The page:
Michelle Stoney (left) gives a print she made to Carol Huynh (middle) with her twin sister Tamara (right) last month at the Gitxsan Summit. Michelle won a contest to have an especially crafted banner fly in the Vancouver International Airport intermittently for three years beginning early next month.

Artist’s work takes flight at YVR

Hazelton's Michelle Stoney will have a banner she designed hang in the Vancouver International Airport.

Michelle Stoney, a recent graduate of Emily Carr University, has won an art competition to have a banner she designed hang in the Vancouver International Airport (YVR) for at least three years.

This is the second time her art has graced the high-traffic area.

Her banner, which is not allowed to be viewed until unveiled on December 4, is brightly coloured depicting a raven-formed Wigyet, the trickster in Gitxsan legends, transforming into an airplane.

“The theme of the competition this year is flight,” Stoney said.

“I wanted to do a bird and one of the most important figures in Gitxsan stories is Wigyet, so that’s what ended up on the banner.”

One of Stoney’s strengths as an artist is the ability to combine different styles cohesively.

“My work these days is a mixture of Ojibway and Northwest Coast art.”

“I like using lots of colour and separating the colours with black lines.”

To qualify for the award a person had to be First Nations from British Columbia.

Stoney’s banner was chosen over three other finalists, but she will have to share with another artist for three months at a time, but she had more than a good feeling about the outcome of the contest.

“I got a call in mid-October and one of the judges on the panel hinted that I had won,” Stoney said.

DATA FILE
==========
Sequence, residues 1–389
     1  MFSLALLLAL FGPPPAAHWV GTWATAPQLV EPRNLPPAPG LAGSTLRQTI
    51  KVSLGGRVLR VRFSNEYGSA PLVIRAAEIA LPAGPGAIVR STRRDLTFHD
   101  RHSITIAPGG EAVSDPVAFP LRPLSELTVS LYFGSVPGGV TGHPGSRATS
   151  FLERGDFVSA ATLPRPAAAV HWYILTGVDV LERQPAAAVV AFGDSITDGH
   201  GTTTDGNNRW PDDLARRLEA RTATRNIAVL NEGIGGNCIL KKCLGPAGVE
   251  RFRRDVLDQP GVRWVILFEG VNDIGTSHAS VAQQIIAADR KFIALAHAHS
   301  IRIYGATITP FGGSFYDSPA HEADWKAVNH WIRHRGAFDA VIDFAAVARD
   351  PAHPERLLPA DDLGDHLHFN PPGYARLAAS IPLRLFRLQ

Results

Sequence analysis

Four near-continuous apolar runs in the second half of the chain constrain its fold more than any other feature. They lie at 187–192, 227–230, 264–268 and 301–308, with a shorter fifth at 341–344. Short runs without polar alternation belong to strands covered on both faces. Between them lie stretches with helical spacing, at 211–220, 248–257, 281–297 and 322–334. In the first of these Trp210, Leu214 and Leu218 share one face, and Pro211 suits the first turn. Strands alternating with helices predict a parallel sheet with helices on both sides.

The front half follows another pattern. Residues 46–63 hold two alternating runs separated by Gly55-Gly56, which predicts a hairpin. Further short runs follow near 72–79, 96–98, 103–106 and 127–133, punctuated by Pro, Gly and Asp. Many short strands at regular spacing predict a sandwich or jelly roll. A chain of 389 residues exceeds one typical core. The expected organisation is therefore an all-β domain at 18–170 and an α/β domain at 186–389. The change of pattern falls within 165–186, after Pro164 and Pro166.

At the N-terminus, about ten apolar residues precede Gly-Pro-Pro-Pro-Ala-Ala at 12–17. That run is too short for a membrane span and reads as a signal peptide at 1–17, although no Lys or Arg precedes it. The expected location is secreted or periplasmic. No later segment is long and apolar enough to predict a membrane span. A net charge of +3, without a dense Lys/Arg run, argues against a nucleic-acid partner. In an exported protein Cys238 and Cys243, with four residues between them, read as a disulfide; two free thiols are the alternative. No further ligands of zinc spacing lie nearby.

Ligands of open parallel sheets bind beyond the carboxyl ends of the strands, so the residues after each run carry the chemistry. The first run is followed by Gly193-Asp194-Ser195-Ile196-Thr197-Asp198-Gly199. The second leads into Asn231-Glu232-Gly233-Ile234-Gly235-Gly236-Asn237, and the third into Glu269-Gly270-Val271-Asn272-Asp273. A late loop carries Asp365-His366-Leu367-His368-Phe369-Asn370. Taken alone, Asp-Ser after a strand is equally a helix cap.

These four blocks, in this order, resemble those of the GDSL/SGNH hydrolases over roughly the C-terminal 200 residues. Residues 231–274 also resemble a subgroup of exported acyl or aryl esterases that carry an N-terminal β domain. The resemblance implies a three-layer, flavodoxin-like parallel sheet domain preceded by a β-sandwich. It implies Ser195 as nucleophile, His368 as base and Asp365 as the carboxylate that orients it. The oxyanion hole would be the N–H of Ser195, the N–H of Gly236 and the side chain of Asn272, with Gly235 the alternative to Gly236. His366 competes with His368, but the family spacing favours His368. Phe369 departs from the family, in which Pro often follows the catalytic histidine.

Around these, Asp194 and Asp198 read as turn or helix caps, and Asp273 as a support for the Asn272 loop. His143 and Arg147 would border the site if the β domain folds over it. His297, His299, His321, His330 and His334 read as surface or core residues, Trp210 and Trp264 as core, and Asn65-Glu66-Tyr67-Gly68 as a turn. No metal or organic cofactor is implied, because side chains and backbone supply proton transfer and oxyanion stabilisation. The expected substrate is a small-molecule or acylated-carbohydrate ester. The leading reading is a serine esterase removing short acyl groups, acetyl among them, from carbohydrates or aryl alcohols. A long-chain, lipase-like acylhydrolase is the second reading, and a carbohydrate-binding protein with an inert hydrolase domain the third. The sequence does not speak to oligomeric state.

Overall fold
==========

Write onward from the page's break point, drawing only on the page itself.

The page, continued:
“He couldn’t come right out and say it, but I got the idea.”

This isn’t the first time the talented artist has had her art displayed in YVR.

In 2009 she won $5,000 along with the art foundation award from the airport while attending Emily Carr University for her carving of an eagle bowl and head-dress.

For that award she had to work with a mentor and chose her grandfather Victor Mowatt, whom she worked with during the summer of 2009.

Winners of previous YVR awards are invited to enter current competitions through Facebook.

She learned of this year’s contest in September and immediately began formulating designs.

She was allowed to enter two pieces and made sure once she began working on them the ideas were completely formed.

“It took about a week to think about what I wanted to do,” Stoney said.

“But once I got started it took a day to design.”

She uses Adobe Illustrator to bring her ideas into the world.

Stoney currently works at Kispiox Elementary as a teacher’s assistant for Grade 4—5 students, who she gets to colour copies of her artwork.

She also coaches Hazelton secondary senior girls basketball, while applying for art grants out across Canada.


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